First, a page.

A Co Louth man has had his conviction for raping a 15-year-old family friend quashed over a ruling which prevented his lawyers from questioning the girl, who asserted that she was a virgin before their encounter, as to why she was on the contraceptive pill at the time.
The now 25-year-old, who cannot be named for legal reasons, had pleaded not guilty to rape and defilement of the girl at his home between October 4 and 5, 2014 when he was 21 and the girl aged 15.
A Central Criminal Court jury found him guilty and he was sentenced to eight years imprisonment by Mr Justice Patrick McCarthy on July 29, 2016.
After the jury verdict, the man’s barrister, Giollaíosa O'Lideadha SC, said his client continued to maintain his innocence.
The Court of Appeal quashed the man’s conviction today over a ruling which prevented the defence from asking questions of the complainant as to why she was on the contraceptive pill, and remained on it despite some adverse medical reactions, at the time.
It was the defence case that all sexual activity was consensual and that the complainant had been involved in sexual activity, including intercourse, with another male shortly before his encounter with her.
It was the prosecution’s case, based on statements provided by the complainant, that, although she had boyfriends, she had not previously been sexually active and was a virgin prior to her encounter with the man.
During the trial, the defence had sought to question the complainant on previous sexual history, particularly in respect of messages on her phone which carried sexual innuendo and at least one photo of a male penis.
The purpose was to establish that she had been sexually active and had probably engaged in intercourse immediately prior to the alleged rape.
The defence also sought to introduce evidence that would assist in establishing that the complainant was taking the pill not just for medical reasons but at least partly for contraceptive purposes in contemplation of such activity.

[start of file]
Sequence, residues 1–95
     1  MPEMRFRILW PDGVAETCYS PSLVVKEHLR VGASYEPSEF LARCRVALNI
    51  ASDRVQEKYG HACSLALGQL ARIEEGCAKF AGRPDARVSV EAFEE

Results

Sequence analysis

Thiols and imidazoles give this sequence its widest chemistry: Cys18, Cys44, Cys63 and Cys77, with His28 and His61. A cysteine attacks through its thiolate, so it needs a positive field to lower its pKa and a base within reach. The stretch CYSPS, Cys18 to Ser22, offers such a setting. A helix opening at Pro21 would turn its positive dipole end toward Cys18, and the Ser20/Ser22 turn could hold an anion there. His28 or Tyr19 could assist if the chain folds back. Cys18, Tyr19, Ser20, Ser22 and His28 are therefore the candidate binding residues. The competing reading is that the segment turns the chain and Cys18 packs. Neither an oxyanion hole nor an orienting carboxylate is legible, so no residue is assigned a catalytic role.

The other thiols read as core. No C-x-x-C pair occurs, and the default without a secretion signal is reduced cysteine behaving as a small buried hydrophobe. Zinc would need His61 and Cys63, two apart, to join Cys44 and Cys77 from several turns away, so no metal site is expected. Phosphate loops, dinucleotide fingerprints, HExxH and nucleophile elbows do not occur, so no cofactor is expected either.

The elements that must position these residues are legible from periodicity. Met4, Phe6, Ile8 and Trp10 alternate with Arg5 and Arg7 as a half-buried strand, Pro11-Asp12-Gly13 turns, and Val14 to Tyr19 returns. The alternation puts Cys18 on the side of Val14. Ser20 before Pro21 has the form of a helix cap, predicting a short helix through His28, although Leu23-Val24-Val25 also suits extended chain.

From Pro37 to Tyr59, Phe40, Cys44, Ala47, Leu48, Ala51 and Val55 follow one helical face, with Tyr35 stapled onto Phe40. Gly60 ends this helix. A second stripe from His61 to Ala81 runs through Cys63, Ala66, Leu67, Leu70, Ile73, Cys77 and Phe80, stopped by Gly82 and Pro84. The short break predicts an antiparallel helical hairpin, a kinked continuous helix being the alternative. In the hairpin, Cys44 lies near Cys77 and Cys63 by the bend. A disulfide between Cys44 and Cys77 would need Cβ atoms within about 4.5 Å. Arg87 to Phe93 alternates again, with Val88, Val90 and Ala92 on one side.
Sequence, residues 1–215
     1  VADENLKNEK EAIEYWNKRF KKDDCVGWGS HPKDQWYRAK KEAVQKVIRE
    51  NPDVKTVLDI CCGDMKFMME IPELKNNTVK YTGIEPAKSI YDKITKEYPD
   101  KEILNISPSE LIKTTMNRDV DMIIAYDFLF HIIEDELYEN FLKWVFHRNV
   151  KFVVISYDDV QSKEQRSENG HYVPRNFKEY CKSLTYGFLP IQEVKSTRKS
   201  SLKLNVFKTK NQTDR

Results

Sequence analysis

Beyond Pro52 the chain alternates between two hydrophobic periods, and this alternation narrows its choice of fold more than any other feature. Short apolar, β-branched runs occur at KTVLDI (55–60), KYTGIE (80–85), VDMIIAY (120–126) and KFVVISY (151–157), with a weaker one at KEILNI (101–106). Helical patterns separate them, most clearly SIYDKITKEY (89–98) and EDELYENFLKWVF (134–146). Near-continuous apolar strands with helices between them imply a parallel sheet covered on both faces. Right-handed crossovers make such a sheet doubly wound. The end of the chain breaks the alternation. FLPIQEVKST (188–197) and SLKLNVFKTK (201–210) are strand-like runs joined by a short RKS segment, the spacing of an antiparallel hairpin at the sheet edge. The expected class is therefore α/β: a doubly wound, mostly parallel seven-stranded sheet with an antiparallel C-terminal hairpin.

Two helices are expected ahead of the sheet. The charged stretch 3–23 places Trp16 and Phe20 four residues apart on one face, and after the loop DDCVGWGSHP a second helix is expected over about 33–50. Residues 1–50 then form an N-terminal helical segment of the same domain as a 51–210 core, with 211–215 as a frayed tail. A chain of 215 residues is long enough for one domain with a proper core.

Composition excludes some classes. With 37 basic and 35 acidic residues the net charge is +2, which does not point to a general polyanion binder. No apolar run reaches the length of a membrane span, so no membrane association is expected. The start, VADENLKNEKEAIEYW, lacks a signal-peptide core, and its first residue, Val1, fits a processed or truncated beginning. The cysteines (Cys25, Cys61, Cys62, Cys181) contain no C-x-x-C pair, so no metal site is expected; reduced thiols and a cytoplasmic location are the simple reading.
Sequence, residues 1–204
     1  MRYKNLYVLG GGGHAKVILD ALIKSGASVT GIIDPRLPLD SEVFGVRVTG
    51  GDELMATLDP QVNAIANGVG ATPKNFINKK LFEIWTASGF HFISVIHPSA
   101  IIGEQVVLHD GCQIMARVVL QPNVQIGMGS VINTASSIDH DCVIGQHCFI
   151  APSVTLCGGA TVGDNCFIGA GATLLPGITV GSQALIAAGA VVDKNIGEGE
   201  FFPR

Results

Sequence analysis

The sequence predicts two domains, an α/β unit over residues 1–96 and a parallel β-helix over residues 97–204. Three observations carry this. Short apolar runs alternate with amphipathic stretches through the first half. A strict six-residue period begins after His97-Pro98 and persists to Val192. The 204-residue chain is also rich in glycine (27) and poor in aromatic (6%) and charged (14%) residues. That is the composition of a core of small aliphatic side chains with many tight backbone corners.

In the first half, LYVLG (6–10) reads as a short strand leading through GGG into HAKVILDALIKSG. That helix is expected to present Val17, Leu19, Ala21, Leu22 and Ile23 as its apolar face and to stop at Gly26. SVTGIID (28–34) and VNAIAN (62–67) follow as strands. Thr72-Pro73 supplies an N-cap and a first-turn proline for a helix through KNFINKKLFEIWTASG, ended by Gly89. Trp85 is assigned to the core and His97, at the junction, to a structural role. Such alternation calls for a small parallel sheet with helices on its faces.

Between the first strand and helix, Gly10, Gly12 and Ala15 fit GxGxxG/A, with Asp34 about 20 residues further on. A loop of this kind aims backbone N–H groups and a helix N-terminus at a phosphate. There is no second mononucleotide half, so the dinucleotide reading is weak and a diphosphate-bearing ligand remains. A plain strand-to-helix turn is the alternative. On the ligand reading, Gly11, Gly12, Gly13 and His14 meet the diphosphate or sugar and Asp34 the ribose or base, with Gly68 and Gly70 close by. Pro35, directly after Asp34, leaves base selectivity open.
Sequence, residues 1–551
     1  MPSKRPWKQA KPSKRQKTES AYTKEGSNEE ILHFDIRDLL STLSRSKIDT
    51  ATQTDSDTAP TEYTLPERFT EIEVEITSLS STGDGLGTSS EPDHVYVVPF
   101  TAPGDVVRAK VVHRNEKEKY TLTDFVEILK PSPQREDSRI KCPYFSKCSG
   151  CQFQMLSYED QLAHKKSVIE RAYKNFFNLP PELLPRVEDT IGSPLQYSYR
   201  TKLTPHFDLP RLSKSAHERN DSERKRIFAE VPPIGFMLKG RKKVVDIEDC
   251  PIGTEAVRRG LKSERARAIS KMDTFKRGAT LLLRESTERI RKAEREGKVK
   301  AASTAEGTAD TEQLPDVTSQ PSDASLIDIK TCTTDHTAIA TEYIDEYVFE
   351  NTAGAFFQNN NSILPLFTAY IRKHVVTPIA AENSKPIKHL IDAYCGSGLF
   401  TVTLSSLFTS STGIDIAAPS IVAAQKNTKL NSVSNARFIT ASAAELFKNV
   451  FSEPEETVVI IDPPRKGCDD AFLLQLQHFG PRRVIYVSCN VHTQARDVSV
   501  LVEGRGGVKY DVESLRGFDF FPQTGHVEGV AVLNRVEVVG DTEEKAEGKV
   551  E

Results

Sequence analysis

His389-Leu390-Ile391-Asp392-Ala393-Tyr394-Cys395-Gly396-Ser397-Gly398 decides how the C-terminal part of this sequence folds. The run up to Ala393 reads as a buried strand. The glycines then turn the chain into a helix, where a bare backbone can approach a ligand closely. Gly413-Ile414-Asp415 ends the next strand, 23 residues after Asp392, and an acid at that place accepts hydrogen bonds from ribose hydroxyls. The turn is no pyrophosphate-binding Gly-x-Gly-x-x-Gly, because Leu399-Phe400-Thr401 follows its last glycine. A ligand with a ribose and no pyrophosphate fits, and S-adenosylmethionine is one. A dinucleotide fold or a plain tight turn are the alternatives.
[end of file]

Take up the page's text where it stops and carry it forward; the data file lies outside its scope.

In his ruling, the trial judge had said the texts and other communications did not “stretch” to admissions of having close sexual relations and that it would be “degrading” to the complainant to cross examine her on those.
The trial judge said the defence had put forward a “bald proposition” that the girl was on the pill because she was sexually active.
However, medical material showed the girl was on the contraceptive pill for medical reasons “quite unrelated to the purpose of inhibiting” pregnancy, the trial judge had said.
Giving judgment in the Court of Appeal, Mr Justice Alan Mahon said these were difficult and complex issues for the trial judge to balance between protecting the rights of the accused and excluding evidence which was irrelevant and prejudicial.
The Court of Appeal found no fault with the judge’s rulings in relation to material on her mobile phone.
The court did, however, have a concern in relation to the ruling preventing any questions being raised as to the reasons why the complainant was on the contraceptive pill or remained on it despite some adverse medical reaction to the medication.
There was, at least, a possibility that the jury might be persuaded that a primary or secondary motivation for taking the pill, and remaining on it, was to facilitate sexual intercourse and that such sexual activity as occurred in the course of her confrontation with the man “was not the first occasion on which she had engaged in sexual intercourse”.
It was “an important credibility issue,” Mr Justice Mahon said.
“That issue ought to have remained open to greater clarification aided by cross examination. It is a matter which ought properly to have been left to the jury for consideration.”
Accordingly, Mr Justice Mahon, who sat with President of the Court of Appeal Mr Justice George Birmingham and Mr Justice John Hedigan, allowed the appeal on this ground, set aside the man’s conviction and ordered a retrial.
The man was admitted to bail to appear before the Central Criminal Court at the next list to fix dates.